Radicalization into violent extremism is a serious problem affecting Kenya. In the recent years, there have been several terrorist attacks in several parts of the country with an increased number of youth and children falling victim. Isiolo is one the regions affected by violent extremism. This is due to the town’s proximity to the Somalia border with occasional issues of ethnic conflict, marginalization (whether real or perceived), remoteness of the region, high number of unemployed youth, unaddressed historical injustices, poor relationship between the public and security organs, among others.
Although Isiolo County has not experienced any major terrorist attack, there are several cases of youth from the county who have been recruited to join terrorist groups. A few months ago, a vehicle carrying explosives and other weapons was intercepted by security personnel in Merti area, Isiolo County – a clear indication that the county was being used as the new route for ferrying illegal weapons into Kenya. This situation compelled Isiolo Peace Link to convene two workshops from 2nd – 5th July 2018 in Isiolo, Kenya.
A total of one hundred and ten (110) participants including ninety (90) youth from Isiolo, Marsabit and Moyale attended the first workshop and twenty (20) members of the Peace Co Brigade which brings together officers from the Kenya Police Service, Administration Police, Kenya Prison Services, and Kenya Forest Service attended the second workshop. The focus of the workshops was on effective approaches to preventing and countering violent extremism as well as identifying key drivers of radicalization into violent extremism. It was also to debate on the importance of partnership between peace builders and enforcers.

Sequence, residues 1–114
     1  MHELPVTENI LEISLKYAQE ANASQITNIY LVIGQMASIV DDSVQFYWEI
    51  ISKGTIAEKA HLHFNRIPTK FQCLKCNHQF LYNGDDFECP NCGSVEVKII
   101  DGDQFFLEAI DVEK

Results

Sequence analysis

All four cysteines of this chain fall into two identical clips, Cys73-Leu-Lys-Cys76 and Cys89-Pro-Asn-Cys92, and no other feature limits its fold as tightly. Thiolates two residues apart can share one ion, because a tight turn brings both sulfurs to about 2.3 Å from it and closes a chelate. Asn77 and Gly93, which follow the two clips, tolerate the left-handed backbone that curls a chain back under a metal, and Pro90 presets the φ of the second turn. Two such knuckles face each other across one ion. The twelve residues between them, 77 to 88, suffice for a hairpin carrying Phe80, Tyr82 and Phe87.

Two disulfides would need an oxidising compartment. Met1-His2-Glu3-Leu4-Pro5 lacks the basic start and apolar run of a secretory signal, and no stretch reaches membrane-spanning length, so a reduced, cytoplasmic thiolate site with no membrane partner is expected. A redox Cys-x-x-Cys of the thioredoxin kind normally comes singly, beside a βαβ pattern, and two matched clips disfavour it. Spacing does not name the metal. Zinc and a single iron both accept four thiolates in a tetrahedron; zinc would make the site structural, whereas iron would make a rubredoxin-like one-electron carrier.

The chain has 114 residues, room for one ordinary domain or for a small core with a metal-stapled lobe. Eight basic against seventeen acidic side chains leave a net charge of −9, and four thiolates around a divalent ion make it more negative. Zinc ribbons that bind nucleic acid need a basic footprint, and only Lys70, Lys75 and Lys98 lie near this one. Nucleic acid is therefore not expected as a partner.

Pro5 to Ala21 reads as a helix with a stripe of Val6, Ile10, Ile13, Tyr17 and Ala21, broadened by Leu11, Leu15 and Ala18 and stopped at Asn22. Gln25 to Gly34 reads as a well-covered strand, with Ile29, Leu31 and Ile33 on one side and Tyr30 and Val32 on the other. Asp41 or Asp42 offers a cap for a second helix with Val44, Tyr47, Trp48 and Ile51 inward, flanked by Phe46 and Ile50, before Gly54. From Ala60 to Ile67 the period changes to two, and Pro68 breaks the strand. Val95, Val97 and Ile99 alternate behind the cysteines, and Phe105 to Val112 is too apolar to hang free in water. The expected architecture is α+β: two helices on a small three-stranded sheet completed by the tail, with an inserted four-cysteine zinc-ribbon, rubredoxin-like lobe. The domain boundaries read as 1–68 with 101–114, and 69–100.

Through the workshops, the most affected regions were identified as follows: the Coastal Counties: Kwale, Mombasa, Kilifi and Lamu; Northern Kenya Counties bordering Somalia: Garissa, Wajir and Mandera counties; and Nairobi County specifically Eastleigh and Pumwani areas. The counties are viewed as “hotbeds” of radicalization and have also experienced the highest number of terrorist attacks in the country.
Sh. Ibrahim Asmani Lethome, a member of the Arigatou International Advisory Group and member of the GNRC, facilitated some of the sessions. He shared some of the many P/CVE interventions both at the national level and county level by both state actors and non-state actors. Sh. Lethome added that P/CVE can only be effective if interventions identify and address all the underlying causes or drivers of radicalization into violent extremism within each context; and if the approach is a collaboration between state and non-state actors as strategic partners.
Sh. Lethome highlighted some of the early warning signs of radicalization into violent extremism including: family intricacies, risk-taking behaviors, negative peer influence, presence of hate and death rhetoric, and being a member or aspiring to be a member of an extremist group, among others.
To emphasize the importance of collaboration, participants were divided into three groups with the following tasks:
Task One: Each member to draw parts of an undisclosed animal on a piece of paper without disclosing what animal it is to the other members in the group. i.e. one member to draw the head, another one the neck, another the front legs etc.
Task Two: Each member was asked to cut out the part of animal they had drawn.
Task Three: The different parts are then joined together and glued on a manila paper to form a complete animal.
The results were funny looking creatures that defy description of any known animal. It was clear that without collaboration and coordination, P/CVE would fail. Participants agreed to share the knowledge received with others.